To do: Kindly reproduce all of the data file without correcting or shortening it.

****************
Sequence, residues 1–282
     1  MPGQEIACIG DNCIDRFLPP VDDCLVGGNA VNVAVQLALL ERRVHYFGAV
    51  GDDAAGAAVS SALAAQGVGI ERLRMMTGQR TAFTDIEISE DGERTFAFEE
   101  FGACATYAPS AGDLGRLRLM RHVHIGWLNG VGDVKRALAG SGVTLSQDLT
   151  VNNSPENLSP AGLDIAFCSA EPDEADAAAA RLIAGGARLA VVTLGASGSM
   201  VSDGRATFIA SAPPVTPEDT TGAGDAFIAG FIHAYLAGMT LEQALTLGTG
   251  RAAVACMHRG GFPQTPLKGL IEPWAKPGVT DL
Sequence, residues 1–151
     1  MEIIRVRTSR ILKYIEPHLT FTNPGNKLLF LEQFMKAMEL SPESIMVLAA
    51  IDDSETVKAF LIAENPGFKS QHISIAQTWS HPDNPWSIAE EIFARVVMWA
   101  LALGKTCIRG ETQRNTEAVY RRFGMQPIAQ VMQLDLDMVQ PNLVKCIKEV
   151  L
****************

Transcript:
Sequence, residues 1–282
     1  MPGQEIACIG DNCIDRFLPP VDDCLVGGNA VNVAVQLALL ERRVHYFGAV
    51  GDDAAGAAVS SALAAQGVGI ERLRMMTGQR TAFTDIEISE DGERTFAFEE
   101  FGACATYAPS AGDLGRLRLM RHVHIGWLNG VGDVKRALAG SGVTLSQDLT
   151  VNNSPENLSP AGLDIAFCSA EPDEADAAAA RLIAGGARLA VVTLGASGSM
   201  VSDGRATFIA SAPPVTPEDT TGAGDAFIAG FIHAYLAGMT LEQALTLGTG
   251  RAAVACMHRG GFPQTPLKGL IEPWAKPGVT DL
Sequence, residues 1–151
     1  MEIIRVRTSR ILKYIEPHLT FTNPGNKLLF LEQFMKAMEL SPESIMVLAA
    51  IDDSETVKAF LIAENPGFKS QHISIAQTWS HPDNPWSIAE EIFARVVMWA
   101  LALGKTCIRG ETQRNTEAVY RRFGMQPIAQ VMQLDLDMVQ PNLVKCIKEV
   151  L